Monday, February 25, 2013

The Government, Peanut Butter, and Jam

[Peanut Pic from wikipedia]
Did you hear the news? According to various news reports, last week, the government indicted four former employees of the Peanut Corporation of America, including its former president, Stewart Parnell, for allegedly conspiring to sell tainted peanut products. The criminal charges reportedly center around allegations that salmonella-tainted peanut products were sold as a result of poor, unsanitary conditions at the company's Georgia peanut plant.

You will recall that the plant was shut down, and a massive peanut butter recall occurred last year, reportedly after nine people died and hundreds got sick around the country. Now, this federal criminal indictment follows.

What do you think will come of all this? Will the government get convictions? Frankly, as a former federal prosecutor for over 20 years, I don't know. I can't predict. In other words, it is difficult to predict whether the government can prove the requisite mens rea, or criminal intent. While the government may be able to prove negligence by plant operators, that may not be enough. Put another way, I believe the government will be required to show, at trial, that the defendants knowingly, or intentionally, sold tainted products. And that would be a tall order, don't you agree?

Isn't it more likely that, even assuming these folks may have been (grossly) negligent, they never intended to harm anyone? Of course, we don't know all the facts and all the defendants are entitled to their day in court.

But, in short, in my opinion, if the government cannot prove intent, the government's peanut butter indictment may be in a jam!

Monday, February 11, 2013

Droning On About Drones and Privacy Invasion

Drone Picture from]
Much has been discussed and written about lately about the propriety of using armed drones to kill terrorists abroad. But here, in this blog, that will remain a discussion for a later day.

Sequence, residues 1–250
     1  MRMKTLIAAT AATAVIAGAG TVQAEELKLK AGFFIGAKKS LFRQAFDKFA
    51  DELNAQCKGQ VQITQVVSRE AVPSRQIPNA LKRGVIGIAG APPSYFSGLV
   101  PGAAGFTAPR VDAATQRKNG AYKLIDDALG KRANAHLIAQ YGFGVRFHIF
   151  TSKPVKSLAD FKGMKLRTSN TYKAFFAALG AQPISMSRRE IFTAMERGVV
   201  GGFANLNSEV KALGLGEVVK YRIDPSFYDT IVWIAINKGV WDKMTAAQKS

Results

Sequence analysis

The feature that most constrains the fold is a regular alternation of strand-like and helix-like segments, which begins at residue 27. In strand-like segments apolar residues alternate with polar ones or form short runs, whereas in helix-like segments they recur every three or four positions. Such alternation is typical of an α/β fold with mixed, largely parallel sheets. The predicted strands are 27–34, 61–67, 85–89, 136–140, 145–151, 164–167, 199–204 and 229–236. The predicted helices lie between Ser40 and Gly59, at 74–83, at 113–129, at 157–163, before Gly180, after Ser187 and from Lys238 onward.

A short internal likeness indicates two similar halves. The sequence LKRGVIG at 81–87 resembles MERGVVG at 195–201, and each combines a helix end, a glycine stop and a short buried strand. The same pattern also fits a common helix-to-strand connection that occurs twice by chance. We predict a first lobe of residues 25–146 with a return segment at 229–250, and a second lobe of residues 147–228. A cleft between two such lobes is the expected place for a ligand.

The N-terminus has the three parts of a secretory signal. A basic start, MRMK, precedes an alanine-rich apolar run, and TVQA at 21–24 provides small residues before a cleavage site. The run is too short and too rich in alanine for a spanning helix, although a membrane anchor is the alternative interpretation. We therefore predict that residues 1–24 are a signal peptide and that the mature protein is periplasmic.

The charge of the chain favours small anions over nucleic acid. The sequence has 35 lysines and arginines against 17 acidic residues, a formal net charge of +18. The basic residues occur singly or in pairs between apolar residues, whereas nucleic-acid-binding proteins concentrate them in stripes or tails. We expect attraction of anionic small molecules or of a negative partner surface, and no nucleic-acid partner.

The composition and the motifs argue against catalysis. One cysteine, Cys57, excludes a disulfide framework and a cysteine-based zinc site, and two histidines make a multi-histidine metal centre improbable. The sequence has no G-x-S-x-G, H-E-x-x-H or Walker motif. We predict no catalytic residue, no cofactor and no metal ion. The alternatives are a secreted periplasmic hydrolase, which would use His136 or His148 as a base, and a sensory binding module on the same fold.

Here, today, I want to rant some more about the growing, unregulated use of drones by law enforcement agencies for surveillance in this country. In my opinion, not enough is being discussed or written about this  potentially dangerous practice.

Look, I am no "bleeding heart." I have always been a strong supporter of law enforcement. Even though, presently, I may be an Augusta, Georgia criminal defense lawyer, I am a former career (state and federal) prosecutor. And as a law-abiding citizen, I want the police to be able to do their jobs. 

But no matter who you are, and no matter what your political philosophy, in my opinion, we should all be concerned by the prospect of unregulated police agencies using unmanned aerial vehicles to spy on any and all American citizens. While some may say that only the criminals have anything to worry about, in my opinion, all of us, as free citizens, should question any unregulated government intrusion into our private matters. Moreover, in my opinion, unregulated police surveillance is subject to abuse, including by following  political opponents, or for stifling political dissent.

I am not suggesting that all drone usage should be prohibited; instead, I am simply advocating for further legislative discussion and some carefully considered regulations to prevent police over-reaching and abuse.

I am heartened to read that, just last week, the Charlottesville, Virginia City Council passed a resolution calling for Congress to regulate police use of drones in this country, including by forbidding the introduction of evidence obtained by drones in any criminal case. While this resolution may be merely symbolic, at least it may help encourage further discussion about this important topic around the country.

What do you think? Should the police be able to use drones to watch citizens and gather intelligence without a warrant? Do you agree that at least there should be some discussion and oversight?